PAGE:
Shaping the Narrative: Carey Cranston

Cary Cranston

In the very back of the American Writers Museum there is a corner where two walls meet, each filled from top to bottom with words, seemingly random. The light is low, and people gather as a projector illuminates these words to highlight quotes from famous authors and create shapes such as rolling waves and the distinct torch of the Statue of Liberty. Every eight minutes it refreshes itself and is mesmerizing to watch. It creates meaning out of disorder, ever-changing both in perspective and content.

It is often said that as we further advance our culture we stand on the shoulders of giants. Carey Cranston (MS '05), president of the museum, might argue that it is not their shoulders we stand on, but their words.

"The written word is what this country was founded on," said Cranston. "It is a unique part of our culture and our history. From the Declaration of Independence on, the written word has moved this country."

It seems only fitting that writing, then, so powerful a force in our culture, has a museum dedicated to celebrating it. After nearly a decade of planning, the American Writers Museum opened on Michigan Avenue in 2017.

The museum includes permanent exhibits that trace how, over time, an American voice has developed. All types of writing are represented—from novels to sportswriting, comedy to poetry. Interactive exhibits feature video from experts discussing common threads that tie this multitude of voices together, such as the exploration of identity, the notion of independence, and the promise of being American.

There are also two temporary exhibit spaces where visitors can dive more deeply into an artist or genre. The curators have created immersive exhibits such as the one dedicated to the words of W.S. Merwin, a two-time Pulitzer Prize-winning poet who also cultivated one of the world's largest and most diverse collections of palm trees on his land in Hawaii. The museum filled the space with palm trees and the ambient sound of rainfall, while visitors listened to Merwin's poetry.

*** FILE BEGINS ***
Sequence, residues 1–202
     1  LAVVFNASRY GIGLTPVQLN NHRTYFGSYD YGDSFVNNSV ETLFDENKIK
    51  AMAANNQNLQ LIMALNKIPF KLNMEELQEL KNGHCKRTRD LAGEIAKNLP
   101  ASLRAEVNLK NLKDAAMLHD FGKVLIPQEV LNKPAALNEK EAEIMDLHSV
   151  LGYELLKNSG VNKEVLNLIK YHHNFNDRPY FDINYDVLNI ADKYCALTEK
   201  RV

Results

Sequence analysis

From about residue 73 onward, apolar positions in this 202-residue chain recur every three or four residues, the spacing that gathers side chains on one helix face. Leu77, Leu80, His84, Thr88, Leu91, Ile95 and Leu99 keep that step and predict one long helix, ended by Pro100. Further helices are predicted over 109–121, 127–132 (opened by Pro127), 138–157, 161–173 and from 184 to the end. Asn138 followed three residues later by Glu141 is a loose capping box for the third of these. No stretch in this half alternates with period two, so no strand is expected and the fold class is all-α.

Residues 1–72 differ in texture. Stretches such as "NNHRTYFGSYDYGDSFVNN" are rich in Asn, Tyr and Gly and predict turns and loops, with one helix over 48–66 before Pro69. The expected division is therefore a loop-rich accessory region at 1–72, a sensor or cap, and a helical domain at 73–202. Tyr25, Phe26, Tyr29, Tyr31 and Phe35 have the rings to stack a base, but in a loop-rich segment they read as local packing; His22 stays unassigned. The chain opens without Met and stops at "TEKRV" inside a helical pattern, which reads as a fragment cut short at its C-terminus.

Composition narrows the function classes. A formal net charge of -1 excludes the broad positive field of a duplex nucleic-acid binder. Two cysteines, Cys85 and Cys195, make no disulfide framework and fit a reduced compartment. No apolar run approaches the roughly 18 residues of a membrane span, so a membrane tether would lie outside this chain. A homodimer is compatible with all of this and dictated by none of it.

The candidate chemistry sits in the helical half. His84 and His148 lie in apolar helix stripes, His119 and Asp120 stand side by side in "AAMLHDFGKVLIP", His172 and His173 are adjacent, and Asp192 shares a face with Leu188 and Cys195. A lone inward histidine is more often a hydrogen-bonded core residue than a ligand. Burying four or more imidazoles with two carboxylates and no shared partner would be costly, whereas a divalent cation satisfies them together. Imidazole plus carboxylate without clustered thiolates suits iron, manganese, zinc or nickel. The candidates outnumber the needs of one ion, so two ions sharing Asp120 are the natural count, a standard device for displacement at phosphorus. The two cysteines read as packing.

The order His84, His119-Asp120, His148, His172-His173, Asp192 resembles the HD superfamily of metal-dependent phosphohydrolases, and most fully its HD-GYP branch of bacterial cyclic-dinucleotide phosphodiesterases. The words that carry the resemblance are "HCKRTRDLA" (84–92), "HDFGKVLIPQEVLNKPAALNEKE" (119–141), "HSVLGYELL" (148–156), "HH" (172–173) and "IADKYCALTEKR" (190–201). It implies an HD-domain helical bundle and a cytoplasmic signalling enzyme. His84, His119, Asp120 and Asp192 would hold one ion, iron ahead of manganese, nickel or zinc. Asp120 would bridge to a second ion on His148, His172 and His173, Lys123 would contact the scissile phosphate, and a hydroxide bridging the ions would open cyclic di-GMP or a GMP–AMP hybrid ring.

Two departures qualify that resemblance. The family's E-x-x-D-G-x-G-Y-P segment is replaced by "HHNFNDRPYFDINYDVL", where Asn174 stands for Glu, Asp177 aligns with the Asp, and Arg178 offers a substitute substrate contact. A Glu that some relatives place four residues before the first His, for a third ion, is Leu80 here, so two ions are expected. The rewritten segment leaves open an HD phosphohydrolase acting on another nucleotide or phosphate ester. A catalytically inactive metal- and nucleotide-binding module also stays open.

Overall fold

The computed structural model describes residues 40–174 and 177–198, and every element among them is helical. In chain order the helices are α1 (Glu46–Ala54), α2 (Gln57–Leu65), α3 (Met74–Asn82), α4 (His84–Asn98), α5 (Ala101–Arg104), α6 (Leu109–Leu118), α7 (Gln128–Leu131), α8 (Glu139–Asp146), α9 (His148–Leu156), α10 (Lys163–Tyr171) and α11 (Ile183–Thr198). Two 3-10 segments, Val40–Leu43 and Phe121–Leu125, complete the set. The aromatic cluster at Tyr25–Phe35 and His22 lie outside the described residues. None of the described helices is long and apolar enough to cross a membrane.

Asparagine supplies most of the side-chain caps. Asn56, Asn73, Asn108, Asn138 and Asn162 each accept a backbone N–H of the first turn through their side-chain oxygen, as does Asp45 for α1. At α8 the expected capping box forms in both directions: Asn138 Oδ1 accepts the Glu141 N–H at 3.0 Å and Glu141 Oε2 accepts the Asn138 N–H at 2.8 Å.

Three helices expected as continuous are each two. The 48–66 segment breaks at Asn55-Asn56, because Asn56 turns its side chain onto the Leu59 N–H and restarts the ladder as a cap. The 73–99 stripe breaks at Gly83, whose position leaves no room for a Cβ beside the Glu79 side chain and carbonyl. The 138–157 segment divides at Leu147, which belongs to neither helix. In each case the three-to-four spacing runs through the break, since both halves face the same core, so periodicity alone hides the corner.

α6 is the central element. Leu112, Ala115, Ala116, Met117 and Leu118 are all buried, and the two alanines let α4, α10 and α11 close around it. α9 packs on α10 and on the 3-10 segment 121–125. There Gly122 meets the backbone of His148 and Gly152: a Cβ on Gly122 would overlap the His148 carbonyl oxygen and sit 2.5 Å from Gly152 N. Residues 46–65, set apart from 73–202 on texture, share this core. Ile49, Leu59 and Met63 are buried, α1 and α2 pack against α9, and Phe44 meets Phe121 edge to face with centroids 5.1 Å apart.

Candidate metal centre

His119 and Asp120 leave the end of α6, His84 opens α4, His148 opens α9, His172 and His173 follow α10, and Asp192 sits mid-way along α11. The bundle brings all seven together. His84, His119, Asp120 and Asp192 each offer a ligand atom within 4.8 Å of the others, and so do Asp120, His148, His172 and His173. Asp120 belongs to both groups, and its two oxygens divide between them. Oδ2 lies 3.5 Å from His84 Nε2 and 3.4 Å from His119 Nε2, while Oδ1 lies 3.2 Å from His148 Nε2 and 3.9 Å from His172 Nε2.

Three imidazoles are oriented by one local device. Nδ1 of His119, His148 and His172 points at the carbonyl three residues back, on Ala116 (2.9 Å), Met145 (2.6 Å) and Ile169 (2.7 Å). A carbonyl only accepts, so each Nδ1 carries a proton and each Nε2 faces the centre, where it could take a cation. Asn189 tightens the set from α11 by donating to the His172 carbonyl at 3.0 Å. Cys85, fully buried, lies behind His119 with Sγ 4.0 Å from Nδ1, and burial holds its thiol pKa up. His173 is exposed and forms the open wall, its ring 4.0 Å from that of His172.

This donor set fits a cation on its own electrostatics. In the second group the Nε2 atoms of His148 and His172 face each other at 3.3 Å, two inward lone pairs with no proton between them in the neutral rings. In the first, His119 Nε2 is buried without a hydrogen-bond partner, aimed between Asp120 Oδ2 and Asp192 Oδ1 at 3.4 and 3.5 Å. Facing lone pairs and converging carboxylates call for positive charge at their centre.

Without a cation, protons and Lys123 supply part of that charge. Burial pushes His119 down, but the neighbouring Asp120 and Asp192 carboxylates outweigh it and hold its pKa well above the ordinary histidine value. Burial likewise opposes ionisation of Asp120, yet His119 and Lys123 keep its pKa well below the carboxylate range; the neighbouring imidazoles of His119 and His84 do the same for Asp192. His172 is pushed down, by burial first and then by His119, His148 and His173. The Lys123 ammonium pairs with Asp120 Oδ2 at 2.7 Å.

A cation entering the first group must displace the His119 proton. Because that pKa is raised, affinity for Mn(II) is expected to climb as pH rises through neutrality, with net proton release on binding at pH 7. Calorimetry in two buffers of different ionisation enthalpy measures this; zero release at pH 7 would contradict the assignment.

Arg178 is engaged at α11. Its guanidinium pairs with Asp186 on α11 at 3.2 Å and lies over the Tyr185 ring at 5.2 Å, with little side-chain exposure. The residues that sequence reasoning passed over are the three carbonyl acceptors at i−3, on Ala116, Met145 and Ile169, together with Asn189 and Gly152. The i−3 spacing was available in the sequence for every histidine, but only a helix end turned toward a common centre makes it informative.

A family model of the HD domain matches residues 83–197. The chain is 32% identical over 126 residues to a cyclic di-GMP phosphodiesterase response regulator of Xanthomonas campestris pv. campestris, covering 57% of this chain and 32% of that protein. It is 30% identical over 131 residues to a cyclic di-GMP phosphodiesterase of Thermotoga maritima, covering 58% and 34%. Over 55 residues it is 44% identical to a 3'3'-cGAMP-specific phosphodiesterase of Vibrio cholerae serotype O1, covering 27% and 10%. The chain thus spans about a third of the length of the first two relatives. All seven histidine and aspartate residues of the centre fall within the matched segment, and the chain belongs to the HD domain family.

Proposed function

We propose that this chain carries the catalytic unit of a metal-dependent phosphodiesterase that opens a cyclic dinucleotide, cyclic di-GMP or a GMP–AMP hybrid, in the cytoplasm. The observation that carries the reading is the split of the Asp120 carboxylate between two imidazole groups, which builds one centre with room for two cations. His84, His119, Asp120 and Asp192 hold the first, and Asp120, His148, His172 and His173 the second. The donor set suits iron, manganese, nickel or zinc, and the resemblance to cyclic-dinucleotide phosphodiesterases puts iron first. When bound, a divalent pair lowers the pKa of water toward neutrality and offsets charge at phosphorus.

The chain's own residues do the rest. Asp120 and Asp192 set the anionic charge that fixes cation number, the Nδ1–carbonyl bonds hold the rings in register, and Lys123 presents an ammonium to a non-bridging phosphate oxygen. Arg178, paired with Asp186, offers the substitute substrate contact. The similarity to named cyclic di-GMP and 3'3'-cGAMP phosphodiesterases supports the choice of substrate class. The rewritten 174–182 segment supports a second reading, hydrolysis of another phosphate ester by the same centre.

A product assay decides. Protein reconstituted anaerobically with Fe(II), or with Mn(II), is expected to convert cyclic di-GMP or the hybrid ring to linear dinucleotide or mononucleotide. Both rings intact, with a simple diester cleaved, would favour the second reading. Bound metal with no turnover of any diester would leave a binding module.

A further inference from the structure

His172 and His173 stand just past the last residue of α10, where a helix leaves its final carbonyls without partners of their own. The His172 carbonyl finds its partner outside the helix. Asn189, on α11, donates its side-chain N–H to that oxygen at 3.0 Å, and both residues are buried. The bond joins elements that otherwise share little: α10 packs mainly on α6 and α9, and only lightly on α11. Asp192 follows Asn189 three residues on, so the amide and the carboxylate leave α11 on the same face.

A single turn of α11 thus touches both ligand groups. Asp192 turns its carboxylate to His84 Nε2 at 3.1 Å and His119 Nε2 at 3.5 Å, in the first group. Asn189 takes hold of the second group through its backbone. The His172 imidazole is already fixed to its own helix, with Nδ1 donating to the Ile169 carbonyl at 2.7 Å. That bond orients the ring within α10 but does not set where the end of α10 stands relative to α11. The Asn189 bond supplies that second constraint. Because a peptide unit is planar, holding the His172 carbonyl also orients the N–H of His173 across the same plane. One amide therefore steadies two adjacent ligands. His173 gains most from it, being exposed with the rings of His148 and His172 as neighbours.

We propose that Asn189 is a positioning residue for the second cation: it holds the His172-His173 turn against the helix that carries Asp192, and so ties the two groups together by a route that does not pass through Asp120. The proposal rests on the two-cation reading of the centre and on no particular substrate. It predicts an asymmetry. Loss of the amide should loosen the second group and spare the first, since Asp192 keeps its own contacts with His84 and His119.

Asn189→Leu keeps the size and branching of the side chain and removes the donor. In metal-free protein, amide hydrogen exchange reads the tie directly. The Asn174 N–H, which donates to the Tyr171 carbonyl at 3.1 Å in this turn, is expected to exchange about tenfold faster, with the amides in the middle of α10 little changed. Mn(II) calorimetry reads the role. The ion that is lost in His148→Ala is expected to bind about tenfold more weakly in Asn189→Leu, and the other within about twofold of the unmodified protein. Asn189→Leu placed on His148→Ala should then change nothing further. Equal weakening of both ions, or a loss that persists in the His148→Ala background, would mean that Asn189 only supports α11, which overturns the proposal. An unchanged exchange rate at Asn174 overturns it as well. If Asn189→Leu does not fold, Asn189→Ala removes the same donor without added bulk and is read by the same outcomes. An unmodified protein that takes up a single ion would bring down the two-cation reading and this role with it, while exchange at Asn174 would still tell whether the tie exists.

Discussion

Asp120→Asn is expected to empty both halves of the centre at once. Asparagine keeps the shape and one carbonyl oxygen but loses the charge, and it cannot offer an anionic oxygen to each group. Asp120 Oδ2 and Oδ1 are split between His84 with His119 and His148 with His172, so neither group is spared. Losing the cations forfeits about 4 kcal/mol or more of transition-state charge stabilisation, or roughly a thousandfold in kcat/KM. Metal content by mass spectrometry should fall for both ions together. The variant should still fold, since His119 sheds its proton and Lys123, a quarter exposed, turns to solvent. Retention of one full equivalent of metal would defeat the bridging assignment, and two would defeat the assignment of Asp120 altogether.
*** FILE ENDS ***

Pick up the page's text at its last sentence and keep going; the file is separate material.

American Writers Museum
Visitors at the Frederick Douglass AGITATOR exhibit. Photo Credit: American Writers Museum

Recently the museum also featured the powerful activism of Frederick Douglass, a man who escaped slavery to become one of the abolitionist movement's most important leaders. He is best known for his enduring autobiography, Narrative of the Life of Frederick Douglass, An American Slave, as well as the hundreds of speeches he wrote and delivered advocating for equality.

"One of the things [Douglass'] story tells us is that being able to read—and sometimes more importantly, being able to write—gives people power. Authorship leads to authority," said Cranston. "If you can read, you can learn; if you can write, you can tell your story. And, if you can shape your own story, you can ultimately make decisions about who you want to be and what you want to do."

The next exhibit being planned will feature — and is curated by—modern immigrant and refugee writers. Cranston points out that it is important to have multiple curators for an exhibit in order to avoid having a singular voice. "These authors are writing the words that shape the narrative, like Frederick Douglass did, of who we are as a nation," said Cranston.

Cranston grew up in Homewood in a family that loved reading—dad read history, mom read mystery, and Cranston and his brother passed tattered comics back and forth between them. Cranston spent years working as a bookseller at Kroch's and Brentano's on Wabash before earning undergraduate and master's degrees in literature from DePaul and the University of Illinois at Chicago and a master's in library and information science from Illinois. He spent much of his career in higher education administration before returning to his original muse and taking the position at the museum.